(c) Terri Robertson, T's Southern Garden

Thanks to Cathy and her blog, Rambling in the Garden, for hosting the IAVOM meme. It’s helped me connect to other garden bloggers and makes blogging much more enjoyable. Be sure to visit her blog and the comments section to see what she and other gardeners around the world have put in a vase on Monday.

In a Vase on Monday: Wisteria and Irises

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White irises and wisteria in a vintage vase

The plants in this week’s vase came with the house. Both are lovely. One is welcome; the other, invasive.

1. Wisteria

Unfortunately, most of the wisteria growing wild around the Southeastern U.S. is the incredibly invasive Japanese or Chinese variety. There is an American variety that is native to the Southeastern wetlands, which is considered non-invasive though still very robust, but that’s not what you see here. I have cut back some of the wisteria on our property, but it’s going to be a long road to get rid of it for good. As I put this arrangement together, the blooms filled the house with a lovely scent, as if to say, “See, I’m not so bad.”

2. White Irises

In past years, one purple bearded iris (with no white irises) has bloomed in the very same spot in my yard, but this year I have a nice crop of all-white irises. From what I’ve read, this is most likely the result of different types of irises choking each other out. Learning how to care for irises is not high on my very long garden to-do list, but perhaps I will one day. In the meantime, I enjoy what I get.

3. Vintage Vase (unmarked)

The vintage yellow vase is a family piece inherited from my aunt. (Yes, everything in this arrangement is a hand-me-down in some form or fashion!) I did not remember the raised iris design on the vase when I decided to use it, so that is a lucky coincidence.

4. Foliage

The leaves come from tulips whose blooms have faded.

Thanks to Cathy and her blog, Rambling in the Garden, for starting the IAVOM meme. It’s helped me connect to other garden bloggers and makes blogging much more enjoyable. Be sure to visit her blog and read the comments below her post to get a peek at what gardeners around the world have put in a vase on Monday.

In a Vase on Monday: Azalea Buds

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Azalea buds in March in a vintage apothecary bottle

Today’s “In a Vase on Monday” features pink azalea buds clipped from one my drought survivors.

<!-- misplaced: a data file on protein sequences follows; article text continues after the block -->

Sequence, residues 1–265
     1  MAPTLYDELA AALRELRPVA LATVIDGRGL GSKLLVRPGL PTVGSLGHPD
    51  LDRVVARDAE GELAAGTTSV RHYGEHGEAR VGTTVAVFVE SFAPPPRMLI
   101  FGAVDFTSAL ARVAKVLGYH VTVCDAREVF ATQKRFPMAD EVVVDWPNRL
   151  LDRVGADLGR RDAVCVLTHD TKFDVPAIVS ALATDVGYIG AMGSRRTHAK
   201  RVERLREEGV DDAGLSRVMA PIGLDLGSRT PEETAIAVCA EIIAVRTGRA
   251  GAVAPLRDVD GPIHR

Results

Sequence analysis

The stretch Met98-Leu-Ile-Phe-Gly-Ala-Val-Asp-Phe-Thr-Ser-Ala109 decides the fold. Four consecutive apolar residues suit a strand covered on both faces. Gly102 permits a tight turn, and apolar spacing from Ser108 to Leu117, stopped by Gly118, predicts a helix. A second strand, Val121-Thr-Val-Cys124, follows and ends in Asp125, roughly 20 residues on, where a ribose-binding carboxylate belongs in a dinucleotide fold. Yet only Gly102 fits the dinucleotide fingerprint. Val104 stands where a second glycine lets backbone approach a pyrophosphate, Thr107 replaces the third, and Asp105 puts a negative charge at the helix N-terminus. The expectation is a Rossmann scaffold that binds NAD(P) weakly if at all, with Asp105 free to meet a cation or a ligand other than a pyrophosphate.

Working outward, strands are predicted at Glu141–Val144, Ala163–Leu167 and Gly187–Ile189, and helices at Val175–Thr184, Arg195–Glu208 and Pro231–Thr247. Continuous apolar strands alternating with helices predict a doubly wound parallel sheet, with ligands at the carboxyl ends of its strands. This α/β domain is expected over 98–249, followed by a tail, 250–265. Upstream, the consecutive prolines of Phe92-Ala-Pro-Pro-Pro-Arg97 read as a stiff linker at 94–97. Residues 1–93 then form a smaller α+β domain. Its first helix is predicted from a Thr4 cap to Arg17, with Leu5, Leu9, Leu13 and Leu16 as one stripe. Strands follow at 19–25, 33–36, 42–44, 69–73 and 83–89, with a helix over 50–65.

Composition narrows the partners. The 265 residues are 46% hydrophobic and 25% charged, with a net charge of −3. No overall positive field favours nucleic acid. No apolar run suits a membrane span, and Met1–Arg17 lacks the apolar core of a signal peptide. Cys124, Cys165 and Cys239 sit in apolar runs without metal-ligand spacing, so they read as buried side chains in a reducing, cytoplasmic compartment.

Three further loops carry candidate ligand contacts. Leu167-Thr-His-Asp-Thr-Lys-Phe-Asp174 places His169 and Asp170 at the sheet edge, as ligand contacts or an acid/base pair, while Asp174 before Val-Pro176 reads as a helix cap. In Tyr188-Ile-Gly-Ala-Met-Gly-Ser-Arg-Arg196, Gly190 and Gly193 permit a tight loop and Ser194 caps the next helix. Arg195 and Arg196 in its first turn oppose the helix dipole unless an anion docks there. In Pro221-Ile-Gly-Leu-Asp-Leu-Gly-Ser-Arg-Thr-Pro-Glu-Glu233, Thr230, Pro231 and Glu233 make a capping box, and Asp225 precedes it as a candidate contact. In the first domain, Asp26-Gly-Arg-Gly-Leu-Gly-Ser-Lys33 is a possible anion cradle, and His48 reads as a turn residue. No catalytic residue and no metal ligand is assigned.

During the 2016-17 drought in the Southeastern U.S., I felt sure the beautifully green city of Birmingham, and perhaps the whole state of Alabama, was on its way to becoming a dust bowl. Everything, even the most established trees, looked parched. When there was the slightest hint of a storm brewing, all we got was clouds, wind, a few drops of rain, and whirls and whirls of dust.

Like many people, we lost quite a bit of landscaping, including all the azaleas across the front of our house. (They were planted there by the previous owner, and it was an ill-advised location. Too much sun.)

However, spring 2017 graced us with lots and lots of rain, helping our trees and shrubs recover. But during that first year, the drought’s toll was still apparent.

Azalea bloom in March
One lone bloom near the ground has opened. I can’t wait till the whole bush is in full bloom for the first time in two years.

Though we lost all the azaleas in our front yard, the three in our backyard, protected by plenty of shade, survived. However, they did not bloom in spring 2017 when the rain returned. Similarly, my holly bushes did not put out berries in fall 2016. Everything was in survival and recovery mode.

Happily, fall 2017 saw the return of holly berries to feed the birds and squirrels, and spring 2018 has brought the return of azalea buds to our backyard. I can’t wait until the bushes explode with flowers.

The vase at the top of this post is a vintage apothecary bottle from my hometown of Augusta, Georgia. The writing on the bottle reads, “744 Broad St., Cabaniss Drug Co., Augusta, GA.” (Speaking of Augusta, if you want to see some stunning azaleas, even if you’re not a golf fan, tune in to the upcoming Master’s Golf Tournament!)

Thanks to Cathy and her blog, Rambling in the Garden, for starting the IAVOM meme. It’s helped me connect to other garden bloggers and makes blogging much more enjoyable. Be sure to visit her blog and see all the comments below her post to get a peek at what gardeners around the world have put in a vase on Monday.